1. S. Kumar, J. P. Strachan, R. S. Williams, “Chaotic Dynamics in Nanoscale NbO2 Mott Memristors for Analogue Computing”, Nature, 548, 318 (2017)
2. S. Kumar, R. S. Williams, “Nonlinear Dynamics and Imaging of Current Density and Electric Field Bifurcations Caused by Electronic Instabilities”, Nature Communications, 9, 2030 (2018)
|Suhas position paper||Suhas bio|
Post-September 15th Applicants
|Name||Affiliation||Perspective and Expertise||White Paper||Biography|
|Christopher Kelloemail@example.com||UC Merced||Collaborated on Adam Stieg’s paper and would like to attend||Adam position paper||Chris bio|
|Michael Frankfirstname.lastname@example.org||Sandia National Laboratories||In my research, I have specialized in the area of the fundamental physical limits of computation, with particular attention to the thermodynamics of computation, for more than twenty years. In 1995 I designed one of the first protocols for universal computing using DNA chemistry, and found that the method was required to be logically reversible for fundamental thermochemical reasons. This led to a fascination with the field of logically and thermodynamically reversible computing which continues to this day. Much of my work has involved the design of electronic circuits which utilize nonequilibrium dynamical phenomena but nevertheless approach the ideal of thermodynamically reversible operation.||Michael position paper||Michael bio|
|Elan Stopnitzkyemail@example.com||University of Hawaii at Manoa||I am Dr. Susanna Still’s PhD student. I specialize in non-equilibrium thermodynamics and information theory.||Elan position paper||Elan bio|
|Norman Packardfirstname.lastname@example.org||ProtoLife Inc||I study far from equilibrium states that arise from interacting shapes at the molecular level. One example is flow of ions through pores in membranes. Theses states may play a role in computation, and are strongly affected by thermodynamic parameters that lead to the formation of the states, e.g. temperature, chemical potential.||Norman position paper||Norman bio|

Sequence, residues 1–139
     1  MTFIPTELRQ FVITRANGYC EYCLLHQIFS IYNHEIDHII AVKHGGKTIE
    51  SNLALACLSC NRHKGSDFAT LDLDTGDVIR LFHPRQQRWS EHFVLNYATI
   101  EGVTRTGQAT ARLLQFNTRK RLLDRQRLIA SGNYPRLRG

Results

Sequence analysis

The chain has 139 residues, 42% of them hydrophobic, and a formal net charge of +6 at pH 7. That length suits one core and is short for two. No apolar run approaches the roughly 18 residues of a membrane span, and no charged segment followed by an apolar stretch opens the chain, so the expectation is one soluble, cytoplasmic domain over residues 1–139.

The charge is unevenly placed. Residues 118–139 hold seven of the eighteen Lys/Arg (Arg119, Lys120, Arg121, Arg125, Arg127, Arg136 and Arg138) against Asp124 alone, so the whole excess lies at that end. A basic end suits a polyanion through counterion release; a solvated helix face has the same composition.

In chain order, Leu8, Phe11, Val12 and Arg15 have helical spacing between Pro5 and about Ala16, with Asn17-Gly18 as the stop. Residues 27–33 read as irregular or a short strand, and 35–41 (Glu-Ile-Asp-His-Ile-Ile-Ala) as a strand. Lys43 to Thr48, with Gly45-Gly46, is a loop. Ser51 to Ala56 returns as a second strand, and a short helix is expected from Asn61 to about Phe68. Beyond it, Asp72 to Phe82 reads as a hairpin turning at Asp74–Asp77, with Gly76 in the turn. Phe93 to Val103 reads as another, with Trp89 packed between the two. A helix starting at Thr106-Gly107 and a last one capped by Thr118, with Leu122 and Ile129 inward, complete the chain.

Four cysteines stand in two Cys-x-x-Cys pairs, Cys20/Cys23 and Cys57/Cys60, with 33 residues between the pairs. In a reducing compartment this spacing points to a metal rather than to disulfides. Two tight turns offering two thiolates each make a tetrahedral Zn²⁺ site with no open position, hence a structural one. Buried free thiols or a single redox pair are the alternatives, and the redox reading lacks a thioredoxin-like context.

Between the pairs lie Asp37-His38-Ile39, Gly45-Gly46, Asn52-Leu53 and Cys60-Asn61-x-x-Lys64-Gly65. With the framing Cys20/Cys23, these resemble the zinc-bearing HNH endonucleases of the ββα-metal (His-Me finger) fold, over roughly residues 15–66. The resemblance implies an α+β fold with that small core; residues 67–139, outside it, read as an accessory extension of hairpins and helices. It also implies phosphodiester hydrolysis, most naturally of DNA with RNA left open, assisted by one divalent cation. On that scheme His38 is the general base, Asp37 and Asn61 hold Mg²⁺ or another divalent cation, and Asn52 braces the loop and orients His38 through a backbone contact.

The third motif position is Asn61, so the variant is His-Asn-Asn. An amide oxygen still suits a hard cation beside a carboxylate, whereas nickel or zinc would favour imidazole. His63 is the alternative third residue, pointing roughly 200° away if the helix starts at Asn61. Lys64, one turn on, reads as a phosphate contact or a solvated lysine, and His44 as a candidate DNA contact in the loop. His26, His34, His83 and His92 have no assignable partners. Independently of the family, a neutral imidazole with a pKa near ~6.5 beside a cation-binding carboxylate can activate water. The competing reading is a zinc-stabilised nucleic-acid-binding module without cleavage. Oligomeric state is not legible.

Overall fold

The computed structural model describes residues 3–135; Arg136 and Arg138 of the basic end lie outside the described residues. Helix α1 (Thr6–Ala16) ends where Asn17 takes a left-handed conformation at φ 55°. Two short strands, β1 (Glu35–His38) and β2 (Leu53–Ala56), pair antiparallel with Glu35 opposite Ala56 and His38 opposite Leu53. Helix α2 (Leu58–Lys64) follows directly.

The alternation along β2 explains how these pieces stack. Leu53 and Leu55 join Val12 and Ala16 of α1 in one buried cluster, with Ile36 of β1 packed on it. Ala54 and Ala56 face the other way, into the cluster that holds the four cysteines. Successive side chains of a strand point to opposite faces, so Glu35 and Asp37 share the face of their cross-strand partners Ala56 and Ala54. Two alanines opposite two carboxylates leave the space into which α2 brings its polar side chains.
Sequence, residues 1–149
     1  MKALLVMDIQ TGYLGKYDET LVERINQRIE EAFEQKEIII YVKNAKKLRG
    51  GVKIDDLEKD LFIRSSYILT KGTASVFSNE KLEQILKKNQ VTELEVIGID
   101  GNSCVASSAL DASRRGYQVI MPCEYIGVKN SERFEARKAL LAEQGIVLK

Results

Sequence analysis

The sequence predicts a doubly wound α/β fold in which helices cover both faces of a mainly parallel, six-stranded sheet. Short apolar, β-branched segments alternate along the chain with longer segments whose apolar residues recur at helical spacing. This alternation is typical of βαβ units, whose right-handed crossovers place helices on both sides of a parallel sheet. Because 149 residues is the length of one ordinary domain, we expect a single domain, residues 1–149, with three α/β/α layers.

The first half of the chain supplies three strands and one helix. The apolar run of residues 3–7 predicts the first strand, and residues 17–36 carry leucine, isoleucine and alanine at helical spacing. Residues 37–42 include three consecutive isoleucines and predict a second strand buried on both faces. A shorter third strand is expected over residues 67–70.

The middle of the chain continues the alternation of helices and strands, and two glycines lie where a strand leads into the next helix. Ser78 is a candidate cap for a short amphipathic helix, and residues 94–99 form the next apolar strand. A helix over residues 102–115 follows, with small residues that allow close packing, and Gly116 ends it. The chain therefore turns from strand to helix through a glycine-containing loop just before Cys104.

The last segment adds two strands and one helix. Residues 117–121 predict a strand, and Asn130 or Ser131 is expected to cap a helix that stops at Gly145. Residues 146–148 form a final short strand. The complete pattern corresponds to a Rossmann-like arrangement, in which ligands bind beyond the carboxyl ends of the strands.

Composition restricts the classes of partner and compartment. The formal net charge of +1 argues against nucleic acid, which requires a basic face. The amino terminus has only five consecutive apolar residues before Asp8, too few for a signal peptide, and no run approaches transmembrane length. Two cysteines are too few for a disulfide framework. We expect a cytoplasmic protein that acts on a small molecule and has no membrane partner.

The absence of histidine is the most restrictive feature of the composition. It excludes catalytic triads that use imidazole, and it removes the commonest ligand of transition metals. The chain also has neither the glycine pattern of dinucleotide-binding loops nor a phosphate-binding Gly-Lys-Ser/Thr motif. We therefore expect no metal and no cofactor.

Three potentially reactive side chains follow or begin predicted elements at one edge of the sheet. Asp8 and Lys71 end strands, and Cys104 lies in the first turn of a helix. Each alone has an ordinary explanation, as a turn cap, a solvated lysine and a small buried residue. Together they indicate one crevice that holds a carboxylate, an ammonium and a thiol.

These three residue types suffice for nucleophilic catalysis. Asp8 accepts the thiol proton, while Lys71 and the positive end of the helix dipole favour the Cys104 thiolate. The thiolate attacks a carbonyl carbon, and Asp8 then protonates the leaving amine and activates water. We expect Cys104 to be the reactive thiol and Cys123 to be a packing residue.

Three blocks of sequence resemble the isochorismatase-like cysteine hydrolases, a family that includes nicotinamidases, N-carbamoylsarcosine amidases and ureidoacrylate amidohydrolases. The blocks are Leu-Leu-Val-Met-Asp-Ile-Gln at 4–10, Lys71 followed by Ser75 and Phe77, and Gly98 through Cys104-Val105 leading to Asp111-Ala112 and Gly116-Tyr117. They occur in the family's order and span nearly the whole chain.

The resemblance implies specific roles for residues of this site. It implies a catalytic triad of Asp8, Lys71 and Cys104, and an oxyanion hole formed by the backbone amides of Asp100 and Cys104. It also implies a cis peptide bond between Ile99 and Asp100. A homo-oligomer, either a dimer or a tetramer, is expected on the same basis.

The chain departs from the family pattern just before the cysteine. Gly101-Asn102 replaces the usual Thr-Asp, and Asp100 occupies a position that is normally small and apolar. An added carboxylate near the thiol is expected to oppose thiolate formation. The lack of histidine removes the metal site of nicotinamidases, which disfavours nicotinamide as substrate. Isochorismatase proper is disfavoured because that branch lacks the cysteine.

|Robert Shawemail@example.com||ProtoLife Inc||Long-time interest in dynamical systems, and a more recent interest in biological topics, in particular the dynamics of molecular shapes diffusing through narrow membrane pores. These processes are an example of “thermodynamic computation”, in that they perform sorting, rectification, and simple logical functions, and are driven only by simple thermodynamic gradients.||Robert position paper||Robert bio|
|Eva Delifirstname.lastname@example.org||University of Minnesota; Institute for Consciousness Research||A hypothesis of consciousness, based on thermodynamic principles was introduced in my 2015 book, ‘The Science of Consciousness.’ Based on that work, we published the second manuscript in the literature on the thermodynamic consideration of neural systems, which we expanded for the whole brain.*
Self-regulation is an essential quality of neural systems that perform computations with thermodynamic efficiency in orders of magnitude better than current supercomputers. The subtle regulation is based on electric flows, minute potential differences and the maintenance of the high entropy state. Subjective perception of environmental information unbalances the stability, which triggers a homeostatic motivation. As material systems observe the principle of least action when moving in space, intelligent systems might realize a dynamic balance between the past and the future. The same concepts can apply to deep learning. Building computers and artificial intelligence based on neural systems would introduce a subtle regulation of computation with significantly lower the thermodynamic cost.